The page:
The Issue Of Authority

By contrast, evangelicals plead for a clear recognition of the lostness of mankind without Christ. They insist on an unambiguous commitment to a Savior who is fully God and fully man, united in one person, who died for our sins and rose bodily from the grave—the Christ of the Bible; this commitment was witnessed to in the historic creeds of the ancient church, and reaffirmed in Reformation days. Neither Holy Scripture nor historic Christianity supports religious pluralism or synchretism or universalism.

The World Council, moreover, carries on an immensely influential teaching role in the church. The constant flow of study papers from Geneva proves this. Evangelicals, therefore, are concerned that it adhere to sound doctrine—theology clearly set forth in Scripture.

For the evangelical this points out the importance of biblical authority for the life of the church and, therefore, its importance for any realistic evaluation of the WCC. The council’s official publication The Bible: Its Authority and Interpretation in the Ecumenical Movement rightly states: “The churches will inevitably be confronted with the issue of the authority and the right interpretation of the Bible.… To form a fellowship of effective common witness, it is essential that the churches reach a common understanding of the priority of the use of the Bible in the life and witness of the church.”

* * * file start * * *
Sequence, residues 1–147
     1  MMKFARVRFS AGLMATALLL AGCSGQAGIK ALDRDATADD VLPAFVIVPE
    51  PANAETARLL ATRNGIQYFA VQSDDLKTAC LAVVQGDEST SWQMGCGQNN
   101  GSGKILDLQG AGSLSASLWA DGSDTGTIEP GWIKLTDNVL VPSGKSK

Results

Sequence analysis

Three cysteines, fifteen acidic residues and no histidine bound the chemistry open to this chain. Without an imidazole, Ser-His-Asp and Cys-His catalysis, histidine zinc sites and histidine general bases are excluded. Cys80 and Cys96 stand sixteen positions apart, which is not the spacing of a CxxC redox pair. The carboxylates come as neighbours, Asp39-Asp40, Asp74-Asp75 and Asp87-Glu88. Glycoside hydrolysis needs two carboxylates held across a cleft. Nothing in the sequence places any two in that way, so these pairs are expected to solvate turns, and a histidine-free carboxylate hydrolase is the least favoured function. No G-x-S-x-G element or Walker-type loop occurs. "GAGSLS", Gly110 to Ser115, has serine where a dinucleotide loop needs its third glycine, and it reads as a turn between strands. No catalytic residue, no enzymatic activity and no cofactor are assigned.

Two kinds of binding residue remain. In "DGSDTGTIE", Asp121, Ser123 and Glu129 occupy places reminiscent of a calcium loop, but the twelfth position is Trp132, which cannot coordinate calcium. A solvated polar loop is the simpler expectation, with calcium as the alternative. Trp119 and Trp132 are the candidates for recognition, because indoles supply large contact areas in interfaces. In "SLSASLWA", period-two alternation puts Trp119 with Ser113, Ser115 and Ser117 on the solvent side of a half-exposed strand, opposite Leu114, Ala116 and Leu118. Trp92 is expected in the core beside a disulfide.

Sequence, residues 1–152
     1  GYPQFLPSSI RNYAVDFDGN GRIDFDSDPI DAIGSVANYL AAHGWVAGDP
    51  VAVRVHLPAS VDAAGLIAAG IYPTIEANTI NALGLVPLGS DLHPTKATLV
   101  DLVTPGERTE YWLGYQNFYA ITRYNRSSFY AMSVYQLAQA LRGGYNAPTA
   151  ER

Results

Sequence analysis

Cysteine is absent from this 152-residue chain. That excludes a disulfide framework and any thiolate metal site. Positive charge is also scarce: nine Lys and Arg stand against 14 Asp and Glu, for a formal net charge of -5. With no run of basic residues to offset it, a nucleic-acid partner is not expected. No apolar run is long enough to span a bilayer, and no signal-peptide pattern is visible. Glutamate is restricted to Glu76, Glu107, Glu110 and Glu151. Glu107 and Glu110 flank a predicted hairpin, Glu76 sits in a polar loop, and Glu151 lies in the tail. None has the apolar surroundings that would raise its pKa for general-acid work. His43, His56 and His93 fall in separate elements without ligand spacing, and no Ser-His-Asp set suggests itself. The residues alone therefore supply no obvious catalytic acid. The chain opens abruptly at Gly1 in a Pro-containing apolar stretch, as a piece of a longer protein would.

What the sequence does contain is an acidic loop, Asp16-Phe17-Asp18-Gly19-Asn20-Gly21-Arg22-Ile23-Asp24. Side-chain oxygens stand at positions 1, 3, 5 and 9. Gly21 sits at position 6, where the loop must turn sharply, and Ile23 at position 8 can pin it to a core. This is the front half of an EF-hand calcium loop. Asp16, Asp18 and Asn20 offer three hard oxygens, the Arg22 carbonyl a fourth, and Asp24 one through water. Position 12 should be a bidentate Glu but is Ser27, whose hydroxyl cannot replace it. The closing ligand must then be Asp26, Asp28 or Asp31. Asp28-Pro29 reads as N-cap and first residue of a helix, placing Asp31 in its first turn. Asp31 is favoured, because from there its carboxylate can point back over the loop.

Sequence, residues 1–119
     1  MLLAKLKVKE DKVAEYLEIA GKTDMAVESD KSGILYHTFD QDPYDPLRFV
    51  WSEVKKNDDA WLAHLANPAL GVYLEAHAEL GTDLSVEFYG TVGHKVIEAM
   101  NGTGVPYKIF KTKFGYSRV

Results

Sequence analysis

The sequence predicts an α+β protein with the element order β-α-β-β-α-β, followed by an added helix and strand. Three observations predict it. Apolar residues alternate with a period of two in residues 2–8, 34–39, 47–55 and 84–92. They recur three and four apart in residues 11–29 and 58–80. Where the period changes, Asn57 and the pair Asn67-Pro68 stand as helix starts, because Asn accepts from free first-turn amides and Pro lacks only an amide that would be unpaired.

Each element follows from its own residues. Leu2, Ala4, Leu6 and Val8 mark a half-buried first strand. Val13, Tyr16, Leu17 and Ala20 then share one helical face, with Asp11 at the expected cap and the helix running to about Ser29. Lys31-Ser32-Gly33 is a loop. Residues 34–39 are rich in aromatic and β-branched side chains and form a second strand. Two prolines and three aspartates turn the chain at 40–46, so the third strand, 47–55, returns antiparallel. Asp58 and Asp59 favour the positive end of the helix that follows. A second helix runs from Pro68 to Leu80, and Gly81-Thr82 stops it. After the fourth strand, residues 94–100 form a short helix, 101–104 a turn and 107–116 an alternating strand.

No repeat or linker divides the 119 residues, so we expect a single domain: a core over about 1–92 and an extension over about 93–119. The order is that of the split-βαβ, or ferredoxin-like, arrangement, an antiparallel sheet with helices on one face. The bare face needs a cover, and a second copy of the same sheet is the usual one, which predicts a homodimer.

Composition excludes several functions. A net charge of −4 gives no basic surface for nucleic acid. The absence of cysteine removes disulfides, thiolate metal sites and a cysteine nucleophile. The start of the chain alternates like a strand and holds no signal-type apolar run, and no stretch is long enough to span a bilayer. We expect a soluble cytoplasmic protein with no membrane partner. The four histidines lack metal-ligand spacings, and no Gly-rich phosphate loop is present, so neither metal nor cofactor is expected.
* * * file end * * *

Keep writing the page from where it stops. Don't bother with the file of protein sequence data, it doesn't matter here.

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Unfortunately, the surprising emphasis on biblical exposition at Vancouver did not really include a commitment to the authority of the Bible. Although many individual representatives were undoubtedly sincere in their devotion to Scripture, the leadership at the council maintained, as in the past, a very selective approach to biblical passages. It chose those that would support its special interests. Biblical teachings about man’s social obligations, therefore, were drawn upon skillfully. But there was little or no exposition of those grand doctrinal themes that abound in Old and New Testaments. Or of those teachings about personal responsibility and personal ethics the Epistles are so concerned to inculcate in the lives of first-century Christians.

It should not be a surprise, therefore, to discover that the World Council study guide on the Bible declares: “There are diverse literary traditions in the biblical writings.… Some of these traditions may be contradictory. The church is in dialogue with Scripture, but has been fed from many sources, in the light of which, biblical statements may have to be declared inadequate, or erroneous.… We are not to regard the Bible primarily as a standard to which we must conform in all the questions arising in our life.”